I normally just apply a small amount of stick deodorant and wear mostly cotton shirts and rarely if ever have any issues with armpit odor.  I purchased some of these polyester or synthetic blend type "wicking" golf shirts and after simply wearing one for a short period of time I smell worse than a gas station bathroom! It's so bad I offend myself. Even if I sweat profusely in cotton I never come close to smelling like this. When I launder them the smell comes right out. I am wondering if the "wicking" feature is drawing microbes and/or bacteria out of my armpits and if I use some special kind of antiperspirant instead of deodorant if that might help.  I tried using no deodorant and it was the same. Another strange thing is I also have polyester "wicking" type tshirts for working out and although they do smell like sweat they do not have the same very vulgar odor I get in the golf shirts even when not sweating. Thanks.

You have a condition called Hyperhidrosis which is increased sweating. The breakdown of sweat by bacteria is what causes the odor. The treatment is not the clothing but the decrease in sweating. Below is information about this condition.

Hyperhidrosis is a medical condition in which a person sweats excessively and unpredictably. People with hyperhidrosis may sweat even when the temperature is cool or when they are at rest.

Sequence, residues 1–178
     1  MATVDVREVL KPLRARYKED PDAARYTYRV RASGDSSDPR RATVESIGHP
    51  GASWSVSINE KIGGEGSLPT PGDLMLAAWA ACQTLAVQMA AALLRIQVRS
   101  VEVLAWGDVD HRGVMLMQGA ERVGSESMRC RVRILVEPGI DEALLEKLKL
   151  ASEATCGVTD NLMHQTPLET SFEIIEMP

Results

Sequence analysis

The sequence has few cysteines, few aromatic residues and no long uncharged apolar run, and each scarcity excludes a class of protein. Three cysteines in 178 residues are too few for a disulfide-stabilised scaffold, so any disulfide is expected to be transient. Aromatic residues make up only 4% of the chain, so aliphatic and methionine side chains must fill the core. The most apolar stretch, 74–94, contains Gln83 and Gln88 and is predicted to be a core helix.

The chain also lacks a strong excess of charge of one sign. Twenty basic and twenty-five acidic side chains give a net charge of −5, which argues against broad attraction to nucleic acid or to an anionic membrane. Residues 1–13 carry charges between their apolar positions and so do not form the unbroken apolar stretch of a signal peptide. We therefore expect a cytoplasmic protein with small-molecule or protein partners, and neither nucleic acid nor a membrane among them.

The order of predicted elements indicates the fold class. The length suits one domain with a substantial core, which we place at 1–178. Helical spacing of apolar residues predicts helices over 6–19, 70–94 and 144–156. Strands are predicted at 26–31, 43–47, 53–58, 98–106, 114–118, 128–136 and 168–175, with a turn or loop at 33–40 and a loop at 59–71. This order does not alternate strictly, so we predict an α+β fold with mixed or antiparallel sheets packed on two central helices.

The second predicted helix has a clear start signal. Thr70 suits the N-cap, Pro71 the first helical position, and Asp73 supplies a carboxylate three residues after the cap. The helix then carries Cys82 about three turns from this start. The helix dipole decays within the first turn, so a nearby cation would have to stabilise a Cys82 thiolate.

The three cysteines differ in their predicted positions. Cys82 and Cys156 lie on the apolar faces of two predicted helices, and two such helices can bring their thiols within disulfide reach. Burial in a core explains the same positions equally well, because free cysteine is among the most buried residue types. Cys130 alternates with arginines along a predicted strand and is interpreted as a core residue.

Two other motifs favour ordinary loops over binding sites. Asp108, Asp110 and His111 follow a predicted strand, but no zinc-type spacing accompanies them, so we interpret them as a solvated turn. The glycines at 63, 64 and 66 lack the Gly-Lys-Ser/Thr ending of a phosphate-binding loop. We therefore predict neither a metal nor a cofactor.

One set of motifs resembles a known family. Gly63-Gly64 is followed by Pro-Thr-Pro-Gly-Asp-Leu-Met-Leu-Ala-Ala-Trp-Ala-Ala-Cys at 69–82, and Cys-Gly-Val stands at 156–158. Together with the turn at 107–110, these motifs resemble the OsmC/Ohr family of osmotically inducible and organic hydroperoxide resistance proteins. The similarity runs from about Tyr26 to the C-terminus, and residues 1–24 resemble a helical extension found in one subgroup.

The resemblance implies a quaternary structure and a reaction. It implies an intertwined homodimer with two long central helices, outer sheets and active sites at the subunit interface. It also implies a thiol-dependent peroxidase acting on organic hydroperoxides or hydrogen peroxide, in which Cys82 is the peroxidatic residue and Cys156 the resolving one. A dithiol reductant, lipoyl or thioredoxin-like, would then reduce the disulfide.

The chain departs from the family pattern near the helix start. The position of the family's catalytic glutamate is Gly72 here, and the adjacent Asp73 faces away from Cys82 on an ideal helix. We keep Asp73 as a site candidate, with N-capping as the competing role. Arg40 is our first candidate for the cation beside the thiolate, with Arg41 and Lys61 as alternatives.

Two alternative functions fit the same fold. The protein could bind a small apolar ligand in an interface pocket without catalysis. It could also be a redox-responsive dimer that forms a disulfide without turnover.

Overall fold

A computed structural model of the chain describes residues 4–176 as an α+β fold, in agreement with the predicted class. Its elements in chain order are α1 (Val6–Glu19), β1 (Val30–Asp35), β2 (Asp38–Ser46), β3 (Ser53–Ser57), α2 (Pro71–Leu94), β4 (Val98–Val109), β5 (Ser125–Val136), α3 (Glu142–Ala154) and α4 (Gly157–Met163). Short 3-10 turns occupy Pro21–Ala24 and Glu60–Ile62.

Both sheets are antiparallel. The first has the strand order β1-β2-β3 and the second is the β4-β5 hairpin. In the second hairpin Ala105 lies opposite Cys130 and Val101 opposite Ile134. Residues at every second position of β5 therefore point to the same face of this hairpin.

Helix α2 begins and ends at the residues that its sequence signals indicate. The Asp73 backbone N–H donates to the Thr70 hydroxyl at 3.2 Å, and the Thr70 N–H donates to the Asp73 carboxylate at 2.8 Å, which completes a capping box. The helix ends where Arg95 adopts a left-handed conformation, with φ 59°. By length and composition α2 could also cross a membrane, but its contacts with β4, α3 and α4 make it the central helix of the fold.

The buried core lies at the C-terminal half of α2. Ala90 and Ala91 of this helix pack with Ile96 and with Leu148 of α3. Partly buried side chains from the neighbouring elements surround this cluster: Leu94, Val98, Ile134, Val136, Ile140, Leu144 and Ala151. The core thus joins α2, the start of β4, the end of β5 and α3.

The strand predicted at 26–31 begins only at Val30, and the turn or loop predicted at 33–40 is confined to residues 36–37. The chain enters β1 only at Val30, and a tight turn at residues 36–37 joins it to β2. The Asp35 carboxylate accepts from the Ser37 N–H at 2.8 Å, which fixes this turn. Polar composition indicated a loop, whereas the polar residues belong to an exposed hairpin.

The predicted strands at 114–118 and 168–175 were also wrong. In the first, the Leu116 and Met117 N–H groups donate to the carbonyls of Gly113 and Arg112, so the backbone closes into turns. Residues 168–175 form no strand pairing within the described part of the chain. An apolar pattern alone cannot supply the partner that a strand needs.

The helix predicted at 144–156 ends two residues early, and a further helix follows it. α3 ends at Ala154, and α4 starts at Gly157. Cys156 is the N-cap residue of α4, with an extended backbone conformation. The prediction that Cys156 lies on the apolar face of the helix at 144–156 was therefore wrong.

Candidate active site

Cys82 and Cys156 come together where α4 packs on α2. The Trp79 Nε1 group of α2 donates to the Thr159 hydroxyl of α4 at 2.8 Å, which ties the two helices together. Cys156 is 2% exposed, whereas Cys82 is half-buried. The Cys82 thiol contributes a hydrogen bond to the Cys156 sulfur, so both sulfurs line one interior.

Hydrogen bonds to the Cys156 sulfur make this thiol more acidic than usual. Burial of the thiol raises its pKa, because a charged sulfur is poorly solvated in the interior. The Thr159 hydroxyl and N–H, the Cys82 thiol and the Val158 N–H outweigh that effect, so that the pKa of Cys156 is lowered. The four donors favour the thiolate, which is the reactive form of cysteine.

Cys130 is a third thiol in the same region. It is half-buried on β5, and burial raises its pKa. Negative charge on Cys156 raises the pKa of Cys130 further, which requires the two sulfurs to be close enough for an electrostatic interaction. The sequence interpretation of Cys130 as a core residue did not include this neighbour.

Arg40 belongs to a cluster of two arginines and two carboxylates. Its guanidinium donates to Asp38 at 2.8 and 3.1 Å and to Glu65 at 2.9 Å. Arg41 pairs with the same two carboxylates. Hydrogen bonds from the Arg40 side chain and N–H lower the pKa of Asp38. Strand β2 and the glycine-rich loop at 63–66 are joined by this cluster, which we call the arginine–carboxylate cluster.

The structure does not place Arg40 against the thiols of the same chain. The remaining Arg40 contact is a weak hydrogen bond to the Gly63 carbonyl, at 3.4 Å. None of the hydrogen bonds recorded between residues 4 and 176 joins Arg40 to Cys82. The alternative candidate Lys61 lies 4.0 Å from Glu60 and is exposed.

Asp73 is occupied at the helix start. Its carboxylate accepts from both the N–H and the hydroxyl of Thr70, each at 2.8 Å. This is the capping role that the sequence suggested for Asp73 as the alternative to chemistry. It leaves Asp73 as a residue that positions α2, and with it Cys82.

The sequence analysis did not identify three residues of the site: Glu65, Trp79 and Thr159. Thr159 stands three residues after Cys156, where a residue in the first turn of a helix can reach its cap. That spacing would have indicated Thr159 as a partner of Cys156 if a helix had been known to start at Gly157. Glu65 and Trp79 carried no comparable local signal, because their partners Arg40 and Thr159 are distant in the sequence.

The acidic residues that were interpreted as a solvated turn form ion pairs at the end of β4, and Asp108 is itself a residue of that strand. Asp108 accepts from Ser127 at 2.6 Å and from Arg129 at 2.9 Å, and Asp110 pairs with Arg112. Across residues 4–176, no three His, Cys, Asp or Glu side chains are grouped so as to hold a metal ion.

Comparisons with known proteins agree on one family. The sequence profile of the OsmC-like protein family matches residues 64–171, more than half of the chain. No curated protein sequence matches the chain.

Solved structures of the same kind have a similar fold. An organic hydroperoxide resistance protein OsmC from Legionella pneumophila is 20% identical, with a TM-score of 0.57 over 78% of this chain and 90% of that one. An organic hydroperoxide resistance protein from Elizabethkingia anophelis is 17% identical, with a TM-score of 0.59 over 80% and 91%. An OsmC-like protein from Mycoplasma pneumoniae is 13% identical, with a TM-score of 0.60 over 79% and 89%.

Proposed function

Causes, incidence, and risk factors

Sweating helps the body stay cool. In most cases, it is perfectly natural. People sweat more in warm temperatures, when they exercise, or in response to situations that make them nervous, angry, embarrassed, or afraid.

However, excessive sweating occurs without such triggers. Those with hyperhidrosis appear to have overactive sweat glands. The uncontrollable sweating can lead to significant discomfort, both physical and emotional.

When excessive sweating affects the hands, feet, and armpits, it's called primary or focal hyperhidrosis. Primary hyperhidrosis affects 2 - 3% of the population, yet less than 40% of patients with this condition seek medical advice. In the majority of primary hyperhidrosis cases, no cause can be found. It seems to run in families.

If the sweating occurs as a result of another medical condition, it is called secondary hyperhidrosis. The sweating may be all over the body, or it may be in one area. Conditions that cause second hyperhidrosis include:

Anxiety conditions
Carcinoid syndrome
Certain medications and substances of abuse
Glucose control disorders
Heart disease
Lung disease
Parkinsonís disease
Spinal cord injury
Tuberculosis or other infections

The primary symptom of hyperhidrosis is wetness.

Signs and tests

Visible signs of sweating may be noted during a doctor's visit. A number of tests may also be used to diagnose excessive sweating. Tests include:

Tests include:

Starch-iodine test. An iodine solution is applied to the sweaty area. After it dries, starch is sprinkled on the area. The starch-iodine combination turns a dark blue color wherever there is excess sweat.
Paper test. Special paper is placed on the affected area to absorb the sweat, and then weighed. The heavier it weights, the more sweat has accumulated.